United States District Court, W.D. Arkansas, Fayetteville Division
ERIN L. SETSER, UNITED STATES MAGISTRATE JUDGE
Jacquelyn Horton, brings this action pursuant to 42 U.S.C.
§ 405(g), seeking judicial review of a decision of the
Commissioner of the Social Security Administration
(“Commissioner”) denying her claims for a period
of disability, disability insurance benefits
(“DIB”), and supplemental security income
(“SSI”) benefits under the provisions of Titles
II and XVI of the Social Security Act (“Act”). 42
U.S.C. §§ 423(d)(1)(A), 1382c(a)(3)(A). In this
judicial review, the Court must determine whether there is
substantial evidence in the administrative record to support
the Commissioner's decision. See 42 U.S.C.
protectively filed her applications for DIB and SSI on April
10, 2012. (ECF No. 14, pp. 16, 149). In her applications,
Plaintiff alleges disability due to bipolar disorder,
depression, borderline personality disorder, and anxiety.
(ECF No. 14, p. 153). Plaintiff initially alleged an onset
date of March 17, 1999, which Plaintiff subsequently amended
at the administrative hearing to April 8, 2009. (ECF No. 14,
pp. 16, 39, 149). These applications were denied initially
and again upon reconsideration. (ECF No. 14, pp. 57-63,
67-71). Thereafter, Plaintiff requested an administrative
hearing on her denied applications, and this hearing request
was granted. (ECF No. 14, p. 76). Plaintiff's
administrative hearing was held on September 23, 2013, in
Jonesboro, Arkansas. (ECF No. 14. pp. 16, 34-49). Plaintiff
was present and was represented by Nicholas Coleman.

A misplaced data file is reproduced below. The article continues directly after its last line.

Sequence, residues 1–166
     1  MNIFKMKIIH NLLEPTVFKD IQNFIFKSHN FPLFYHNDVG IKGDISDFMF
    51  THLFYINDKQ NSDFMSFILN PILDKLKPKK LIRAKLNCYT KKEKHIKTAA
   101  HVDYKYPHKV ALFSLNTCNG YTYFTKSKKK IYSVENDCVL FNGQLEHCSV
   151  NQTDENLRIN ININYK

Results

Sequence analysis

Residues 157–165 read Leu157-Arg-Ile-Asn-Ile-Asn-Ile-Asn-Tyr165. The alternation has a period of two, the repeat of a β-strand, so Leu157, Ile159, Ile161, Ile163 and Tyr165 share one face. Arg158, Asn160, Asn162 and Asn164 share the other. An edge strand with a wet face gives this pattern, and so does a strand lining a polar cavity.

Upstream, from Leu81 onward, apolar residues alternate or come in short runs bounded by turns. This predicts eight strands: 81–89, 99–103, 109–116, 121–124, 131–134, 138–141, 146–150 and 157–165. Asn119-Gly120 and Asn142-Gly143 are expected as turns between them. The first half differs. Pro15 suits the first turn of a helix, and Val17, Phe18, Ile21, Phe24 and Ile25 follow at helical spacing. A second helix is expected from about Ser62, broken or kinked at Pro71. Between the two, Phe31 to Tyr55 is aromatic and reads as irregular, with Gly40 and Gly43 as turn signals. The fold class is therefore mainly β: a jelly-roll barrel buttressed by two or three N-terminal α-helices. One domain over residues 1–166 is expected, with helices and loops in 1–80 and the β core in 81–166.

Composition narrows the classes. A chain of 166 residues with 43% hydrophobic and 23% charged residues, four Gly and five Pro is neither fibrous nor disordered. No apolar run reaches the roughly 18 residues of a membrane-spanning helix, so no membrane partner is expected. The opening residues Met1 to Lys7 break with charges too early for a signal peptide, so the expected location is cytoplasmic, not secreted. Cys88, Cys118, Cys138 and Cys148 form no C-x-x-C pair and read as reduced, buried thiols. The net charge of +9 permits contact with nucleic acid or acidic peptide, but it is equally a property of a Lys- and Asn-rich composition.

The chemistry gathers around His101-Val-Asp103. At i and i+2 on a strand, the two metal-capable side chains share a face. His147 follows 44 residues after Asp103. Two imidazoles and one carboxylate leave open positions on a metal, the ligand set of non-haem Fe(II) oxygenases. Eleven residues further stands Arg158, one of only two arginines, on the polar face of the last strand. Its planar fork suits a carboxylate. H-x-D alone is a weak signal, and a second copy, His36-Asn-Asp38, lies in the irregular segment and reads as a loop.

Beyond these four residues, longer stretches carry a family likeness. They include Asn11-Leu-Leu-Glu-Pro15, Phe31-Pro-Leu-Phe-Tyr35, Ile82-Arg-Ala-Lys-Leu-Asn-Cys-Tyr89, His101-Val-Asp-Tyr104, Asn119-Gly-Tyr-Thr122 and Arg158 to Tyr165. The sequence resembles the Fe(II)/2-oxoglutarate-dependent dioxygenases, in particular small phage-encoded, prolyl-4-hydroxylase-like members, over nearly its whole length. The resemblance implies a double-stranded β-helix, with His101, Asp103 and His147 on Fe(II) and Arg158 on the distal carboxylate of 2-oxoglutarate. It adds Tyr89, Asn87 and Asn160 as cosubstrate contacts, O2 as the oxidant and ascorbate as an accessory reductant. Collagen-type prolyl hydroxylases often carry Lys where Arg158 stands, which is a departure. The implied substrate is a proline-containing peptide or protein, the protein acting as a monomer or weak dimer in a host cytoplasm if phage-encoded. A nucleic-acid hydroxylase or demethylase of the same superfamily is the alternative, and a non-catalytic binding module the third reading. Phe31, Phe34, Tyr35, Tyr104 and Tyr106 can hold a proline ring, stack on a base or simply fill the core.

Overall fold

Id. Plaintiff and Vocational Expert
(“VE”) Elizabeth Clem testified at this hearing.
Id. At the time of this hearing, Plaintiff was
twenty-seven (27) years old, which is defined as a
“younger person” under 20 C.F.R. §§
404.1563(c), 416.963(c). (ECF No. 14, p. 37). As for her
level of education, Plaintiff completed the twelfth grade.
(ECF No. 14, p. 37).
this hearing, on January 14, 2014, the ALJ entered an
unfavorable decision denying Plaintiff's applications for
DIB and SSI. (ECF No. 14, pp. 13-27). In this decision, the
ALJ found Plaintiff met the insured status requirements of
the Act through December 31, 2009. (ECF No. 14, p. 18,
Finding 1). The ALJ found Plaintiff had not engaged in
Substantial Gainful Activity (“SGA”) since March
17, 1999, her pre-amendment alleged onset date. (ECF No. 14,
p. 18, Finding 2). The ALJ determined Plaintiff had the
following severe impairments: major depressive disorder,
borderline personality disorder, anxiety disorder, substance
induced psychotic disorder, and recurrent ovarian cysts. (ECF
No. 14, pp. 18-19, Finding 3). Despite being severe, the ALJ
determined these impairments did not meet or medically equal
the requirements of any of the Listings of Impairments in
Appendix 1 to Subpart P of Part 404 (“Listings”).
(ECF No. 14, pp. 19-20, Finding 4).
then considered Plaintiff's Residual Functional Capacity
(“RFC”). (ECF No. 14, pp. 20-25, Finding 5).
First, the ALJ evaluated Plaintiff's subjective
complaints and found her claimed limitations were not
entirely credible. Id. Second, the ALJ determined
Plaintiff retained the RFC to perform:
a full range of work at all exertional levels but with the
following non-exertional limitations: this individual can
perform where interpersonal contact is limited. Limited is
defined as interpersonal contact that requires little
interaction, such as answering simple questions, responding
appropriately to co-workers and supervisors, interaction with
the public is infrequent and considered to be an essential
job duty; complexity of tasks is learned by
demonstration and repetition within 30 days, with few
variables, little judgment and the supervision required is
simple, direct and concrete.